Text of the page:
Apr 27, 2019 / mari

Hack-A-Train- our first time ever to do it on a train!

It all got started back in the late summer of 2017, when Beetroot Academy contacted us to discuss a different kind of a hackathon idea- a hackathon on a train.

As we've always been bit drawn towards the crazy , this one got our attention  immediately and before we even knew it, we were pitching this idea to Estonian Ministry of Foreign Affairs representatives. Luckily, they are as drawn to new adventures as we are and a year and a half later after some project writing and planning, our dream came into reality.


Hack-A-Train boarded from Mariupol, a lazy industrial city in the Donetsk region. Ukrzaliznytsia (Ukrainian Railways) had a whole branded wagon (meaning Hack-A-Train designs painted all over a wagon) dedicated to us and all together two wagons, that got filled with G48's mentors, crew and participants. 

Our mentor and a long-time friend from Estonia's Embassy in Kiev- Anastasiia Mykhailova boarding the train in Mariupol


The participants had travelled all the way from Chernihiv, Kiev, Lviv, Sumi, Balti, Pokrovsk, Kharkiv, Fastiv, Tallinn and Chisinau- some of them had to take a 30-hour train ride to Mariupol, just to participate in the event. There were local Mariupol participants as well- who’s journey back from Lviv was another 30-hour train ride.

Participants and mentors right before the departure in Mariupol


After everyone got boarded and found their spot, the event got started.

Even though the mentors crew and organizers had sat down together on several occasions to discuss how it all would work best on a moving train, the reality was a whole another story.

We learned a few valuable  lessons. 


Trains are loud as f---k!

All together 15 ideas were pitched and in order to hear them, participants had to repeat their pitch on both ends of the wagon. Our lovely host Kai Isand was doing her best to make herself heard, but regardless, half of the information got lost in the loud pounding, rumbling, hissing and screeching sounds that the train makes as it follows the tracks. Good news is that in 30-hours the noise of the train moving becomes almost meditative at some point and you do not notice it any more. 8 teams continued developing their ideas into a full prototype.

Our host Kai shouting her lungs out


There really is no internet. 

We’d had this conversation with local Ukrainian organizers so many times before and as Estonians, we were still somewhat ignorant about it. What do you mean there’s no internet? It's almost a violation of human rights.  But yet, there really was none and we all had to deal with it. For participants it gave more time to finetune their ideas and business plans. For organizers and mentors it gave some downtime to sip tea and stare out of the window, instead of scrolling through the Instagram feed or replying to emails.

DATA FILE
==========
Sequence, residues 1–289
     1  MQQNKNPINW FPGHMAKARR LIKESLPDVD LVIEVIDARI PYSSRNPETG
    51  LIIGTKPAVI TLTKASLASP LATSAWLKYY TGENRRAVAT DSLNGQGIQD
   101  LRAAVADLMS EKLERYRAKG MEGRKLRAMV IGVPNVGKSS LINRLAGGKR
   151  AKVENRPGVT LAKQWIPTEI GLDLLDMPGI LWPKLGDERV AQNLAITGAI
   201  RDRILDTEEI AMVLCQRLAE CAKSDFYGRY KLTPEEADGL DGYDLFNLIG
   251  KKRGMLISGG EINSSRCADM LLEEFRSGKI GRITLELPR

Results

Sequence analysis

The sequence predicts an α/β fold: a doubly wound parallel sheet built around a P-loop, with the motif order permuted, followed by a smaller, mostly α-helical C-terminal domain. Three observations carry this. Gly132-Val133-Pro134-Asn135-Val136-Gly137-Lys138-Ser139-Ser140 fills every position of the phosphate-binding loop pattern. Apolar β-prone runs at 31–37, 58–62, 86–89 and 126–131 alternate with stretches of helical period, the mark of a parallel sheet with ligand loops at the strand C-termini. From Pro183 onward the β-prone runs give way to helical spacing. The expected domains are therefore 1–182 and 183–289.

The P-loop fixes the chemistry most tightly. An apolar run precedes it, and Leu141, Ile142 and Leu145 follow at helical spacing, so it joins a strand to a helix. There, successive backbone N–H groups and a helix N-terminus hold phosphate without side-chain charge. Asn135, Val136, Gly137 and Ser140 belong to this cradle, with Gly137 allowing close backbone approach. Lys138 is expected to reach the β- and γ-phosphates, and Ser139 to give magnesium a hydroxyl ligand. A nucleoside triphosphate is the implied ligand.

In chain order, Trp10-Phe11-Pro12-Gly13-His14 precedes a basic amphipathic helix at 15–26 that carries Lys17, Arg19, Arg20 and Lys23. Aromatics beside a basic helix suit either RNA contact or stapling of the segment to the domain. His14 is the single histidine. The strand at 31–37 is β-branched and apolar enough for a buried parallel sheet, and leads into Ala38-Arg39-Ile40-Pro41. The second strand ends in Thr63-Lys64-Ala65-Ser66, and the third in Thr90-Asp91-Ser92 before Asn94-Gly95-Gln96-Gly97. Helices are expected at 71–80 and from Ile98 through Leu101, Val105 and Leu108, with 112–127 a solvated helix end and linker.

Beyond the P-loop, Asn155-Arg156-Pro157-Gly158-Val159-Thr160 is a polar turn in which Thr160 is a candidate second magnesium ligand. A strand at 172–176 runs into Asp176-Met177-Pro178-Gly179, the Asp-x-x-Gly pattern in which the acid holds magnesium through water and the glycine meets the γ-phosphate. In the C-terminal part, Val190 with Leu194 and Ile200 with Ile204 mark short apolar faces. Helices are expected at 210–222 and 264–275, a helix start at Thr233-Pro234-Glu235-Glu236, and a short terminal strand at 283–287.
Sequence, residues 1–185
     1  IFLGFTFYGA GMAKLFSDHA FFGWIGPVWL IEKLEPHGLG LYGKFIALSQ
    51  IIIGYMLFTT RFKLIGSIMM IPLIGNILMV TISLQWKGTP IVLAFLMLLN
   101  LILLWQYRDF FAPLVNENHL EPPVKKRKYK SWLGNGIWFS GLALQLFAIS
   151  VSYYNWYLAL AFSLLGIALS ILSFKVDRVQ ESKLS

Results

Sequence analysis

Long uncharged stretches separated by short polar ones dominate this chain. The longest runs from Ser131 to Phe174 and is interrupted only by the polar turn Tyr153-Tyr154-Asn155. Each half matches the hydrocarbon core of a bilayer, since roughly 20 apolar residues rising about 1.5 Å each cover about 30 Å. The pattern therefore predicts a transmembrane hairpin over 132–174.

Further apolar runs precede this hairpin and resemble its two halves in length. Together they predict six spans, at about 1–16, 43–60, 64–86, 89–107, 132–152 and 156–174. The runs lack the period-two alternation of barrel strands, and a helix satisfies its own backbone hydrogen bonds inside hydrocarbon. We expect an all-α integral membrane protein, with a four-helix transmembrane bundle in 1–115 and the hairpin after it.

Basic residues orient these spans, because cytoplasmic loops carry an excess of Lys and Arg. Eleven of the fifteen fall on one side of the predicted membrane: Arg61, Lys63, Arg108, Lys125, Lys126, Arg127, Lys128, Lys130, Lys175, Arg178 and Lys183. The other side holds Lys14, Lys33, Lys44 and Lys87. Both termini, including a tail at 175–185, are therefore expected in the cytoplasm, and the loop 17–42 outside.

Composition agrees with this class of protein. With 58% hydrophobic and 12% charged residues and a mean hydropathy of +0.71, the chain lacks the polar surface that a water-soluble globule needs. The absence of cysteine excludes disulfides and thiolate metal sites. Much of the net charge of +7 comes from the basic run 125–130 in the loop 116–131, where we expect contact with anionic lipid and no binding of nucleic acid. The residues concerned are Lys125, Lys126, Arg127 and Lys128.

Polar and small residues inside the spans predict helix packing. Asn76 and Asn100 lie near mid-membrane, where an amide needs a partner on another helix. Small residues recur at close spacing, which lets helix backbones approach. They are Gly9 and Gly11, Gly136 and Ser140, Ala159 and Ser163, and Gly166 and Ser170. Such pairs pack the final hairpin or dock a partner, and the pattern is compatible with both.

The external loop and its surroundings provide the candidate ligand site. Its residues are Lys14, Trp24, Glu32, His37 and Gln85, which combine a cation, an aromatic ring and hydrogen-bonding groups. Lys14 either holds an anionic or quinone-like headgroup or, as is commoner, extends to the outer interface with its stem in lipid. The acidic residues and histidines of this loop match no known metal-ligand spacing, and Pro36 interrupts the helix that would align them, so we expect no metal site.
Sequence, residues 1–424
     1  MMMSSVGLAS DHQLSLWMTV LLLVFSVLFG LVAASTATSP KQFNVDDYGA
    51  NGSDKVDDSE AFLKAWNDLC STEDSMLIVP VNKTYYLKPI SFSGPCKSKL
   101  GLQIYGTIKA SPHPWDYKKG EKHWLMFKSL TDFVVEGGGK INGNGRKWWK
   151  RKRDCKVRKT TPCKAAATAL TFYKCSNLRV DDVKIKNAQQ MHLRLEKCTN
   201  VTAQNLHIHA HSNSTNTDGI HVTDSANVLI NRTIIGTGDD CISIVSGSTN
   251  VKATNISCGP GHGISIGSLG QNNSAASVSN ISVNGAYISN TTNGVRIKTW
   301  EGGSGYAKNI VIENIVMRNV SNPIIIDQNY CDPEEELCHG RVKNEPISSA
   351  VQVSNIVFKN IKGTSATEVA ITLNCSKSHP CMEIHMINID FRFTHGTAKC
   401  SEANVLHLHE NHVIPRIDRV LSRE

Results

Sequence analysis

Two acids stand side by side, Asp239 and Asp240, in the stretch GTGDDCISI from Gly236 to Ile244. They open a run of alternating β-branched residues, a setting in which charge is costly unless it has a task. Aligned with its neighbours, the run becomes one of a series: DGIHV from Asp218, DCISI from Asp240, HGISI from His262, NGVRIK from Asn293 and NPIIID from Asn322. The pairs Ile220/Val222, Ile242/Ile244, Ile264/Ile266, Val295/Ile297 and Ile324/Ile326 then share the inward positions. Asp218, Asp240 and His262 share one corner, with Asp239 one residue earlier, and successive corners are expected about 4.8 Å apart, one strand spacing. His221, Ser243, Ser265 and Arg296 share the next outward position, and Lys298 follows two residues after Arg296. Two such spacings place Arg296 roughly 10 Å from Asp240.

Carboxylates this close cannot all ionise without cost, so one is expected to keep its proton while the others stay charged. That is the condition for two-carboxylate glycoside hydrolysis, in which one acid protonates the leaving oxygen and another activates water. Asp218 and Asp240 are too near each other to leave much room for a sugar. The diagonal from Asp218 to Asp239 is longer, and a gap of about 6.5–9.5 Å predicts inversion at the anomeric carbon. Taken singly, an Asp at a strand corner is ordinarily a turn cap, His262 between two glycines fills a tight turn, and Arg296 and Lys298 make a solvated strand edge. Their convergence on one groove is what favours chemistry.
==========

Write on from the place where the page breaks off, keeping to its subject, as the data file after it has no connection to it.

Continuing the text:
Triin sipping her third cup of tea

The space is tight

So you get to know each other better. Teams were squeezing 6-7 people into small areas to work together, everyone really was working side by side. Mentors held the same experiment on an even smaller space during the night, trying to fit 20 people into one small compartment to celebrate Uve’s  birthday. It was a success!

Participants and mentors, all squeezed together to listen to the pitches 

You have to go out of your way, to build a hardware product on a train

We had a team called Heating Carpet, who was building their product already on the train. That meant quickly covering all the broken wires and tools away as soon as the wagon lady was approaching, because it really did look like they were trying to assemble a bomb. The team also had to organise someone to meet them on a quick  night-stop at Dnipro, who provided them with all the missing bits and pieces.


Tech mentors and developers don't  have that much to do on a train

While the train gives you more time to develop your business idea and to put together a proper tasklist and a workplan for the time where there is internet, it doesn’t really leave so much to do for the tech mentors and developers. Their work started on the evening of the 20th, when our train arrived in Lviv and we were greeted by our long-time partners from N-iX.


Even though a little low on steam at first, participants got their power back quickly after a shower and warm meal at N-iX and from there on, it was a full-on development

marathon.  On Sunday night, all 8 teams were able to present their prototypes on the stage.Since we loved all the teams so-so much, the choice wasn’t easy and we went full-on  American giving out the prizes- everyone was a winner! Here it is- the list of all the WINNERS!